I spent a weekend enthralled, watching Connie Field's monumental 8½-hour-long epic documentary, Have You Heard From Johannesburg?, on DVD screeners. Those of you who choose to watch it in one go—from 1:00 to 10:30PM on June 27 at the Roxie Film Center in San Francisco—are in for a richly layered and thrilling filmgoing experience. Choosing instead to watch it in three separate parts over as many evenings—which is roughly what I did at home and which you can do both at the Roxie and the Rafael Film Center (starting June 25)—would be less immersive and communal but also less exhausting.
Still, the persistence and eventual exhaustion is part of the necessary vicarious effect of the story, which tracks the 30-year-long effort to destroy South Africa's system of apartheid from both inside and outside the country on multiple fronts. The film is an awesome tribute to an awesome achievement, simply the most important documentary of the year if not the decade. Producer/writer/director/field marshal Connie Field, whose The Life and Times of Rosie the Riveter (1981) is one of my favorite docs, labored on this work for over 10 years. I'm amazed it didn't take her 15. The story, never told before in any medium, involves a literal cast of millions in dozens of countries. I recall seeing one segment at the 2006 Mill Valley Film Festival, Apartheid and the Club of the West—now renamed From Selma to Soweto and featuring the most American content.
I'm not sure how to approach writing about a film of this magnitude and breadth except to refute first of all any possible hesitation a filmgoer might have to committing to something with such a long running time. Even those who can talk themselves into sitting still for the Italian production The Best of Youth, Rivette's Out 1, Fassbinder's Berlin Alexanderplatz, Tarr's Sátántangó or a Lav Diaz work might not want to devote the same number of hours to a political documentary about another country. But this is truly a film not just about South Africa; it's about the world. The tentacles of both apartheid and apartheid's foes reach deep across the seas, and when the story is done it's clear that the world will never be the same again. It is the saga of a weak, disenfranchised people who inspired the world to join in their struggle for human rights. It's an intricately detailed story that deserves the hours it takes to tell it. One ironic impression I get from viewing it is that so much necessarily goes untold, it should be twice the length it is.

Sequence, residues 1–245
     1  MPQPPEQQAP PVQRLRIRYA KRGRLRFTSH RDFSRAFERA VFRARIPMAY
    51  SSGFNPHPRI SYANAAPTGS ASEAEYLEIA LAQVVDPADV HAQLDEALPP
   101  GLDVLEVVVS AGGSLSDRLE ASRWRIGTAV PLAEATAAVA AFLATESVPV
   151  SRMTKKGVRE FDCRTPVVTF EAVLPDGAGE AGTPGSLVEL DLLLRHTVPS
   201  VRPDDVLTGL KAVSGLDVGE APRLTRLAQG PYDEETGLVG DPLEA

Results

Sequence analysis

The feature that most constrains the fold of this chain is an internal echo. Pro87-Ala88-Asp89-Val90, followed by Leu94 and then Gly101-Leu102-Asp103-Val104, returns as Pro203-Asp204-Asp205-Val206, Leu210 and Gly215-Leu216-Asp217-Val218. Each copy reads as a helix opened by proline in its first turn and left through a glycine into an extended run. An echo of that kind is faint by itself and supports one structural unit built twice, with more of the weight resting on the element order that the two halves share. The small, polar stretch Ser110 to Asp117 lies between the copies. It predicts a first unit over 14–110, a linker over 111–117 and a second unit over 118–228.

Have You Heard From Johannesburg? is made up of seven films, or stories, shown in three separate parts, which don't have to be seen in order; but, I recommend it for the satisfying effect of historical continuity. Part One comprises three stories. Story 1, Road to Resistance, opens thrillingly with the release of Nelson Mandela from prison in 1990 after 27 years at Robben Island. Then it flashes back to the early days of apartheid: the ideologues who established it in the late 1940s and its earliest opponents, the African National Congress. The 1960 Sharpeville massacre, a reaction to peaceful demonstrations against having to carry identification pass books, was pivotal in international condemnation of the South African government. It also marked the transition within the country between nonviolent protest and armed struggle against apartheid. Story 1 ends with the major members of the opposition being sentenced to life in prison and Oliver Tambo being exiled abroad.
Story 2, Hell of a Job, profiles the amazing efforts of exiled ANC dissident Oliver Tambo, the true hero of this saga, to fight apartheid from his base in London. His acceptance of help from the Soviet Union branded him a Communist, but he also inspired statesmen like Olof Palme and clergymen like Trevor Huddleston.
Story 3, The New Generation, is about the generation coming up, at first cowed by their parents and the imprisoned/banned/exiled fate of the previous generation of anti-apartheid activists. But among them rose Steve Biko (killed by police in 1977) and the courageous high school students of the 1976 Soweto Uprising. The segment also focuses on the Netherlands' historical relationship with South Africa and why the Dutch joined with other African countries like Nigeria and Tanzania in recommending that South Africa be ousted from the United Nations.
Part Two opens with Story 4, Fair Play, which details the hard-won boycotts inflicted on South Africa's beloved white-only Springboks rugby team by Dennis Brutus and the rest of the athletic world, as well as the history of attempts to exclude South Africa from the Olympics going back to the 1964 Tokyo games. One great effect of other countries' anti-apartheid activities was to force them to examine racism in their own backyards, as when New Zealanders had to face the fact that Maoris were barred from trying out for their own All Blacks team, South Africa's greatest rival. Field's montage sequences, which cross-cut sports footage with shots of demonstrators sprinting from police and throwing stones, emphasize the intimate colonial connection between sports and apartheid not just in South Africa but in places like New Zealand, where the ferment during the 1981 Springboks tour was thought by some to be the closest that country came to civil war in the 20th century.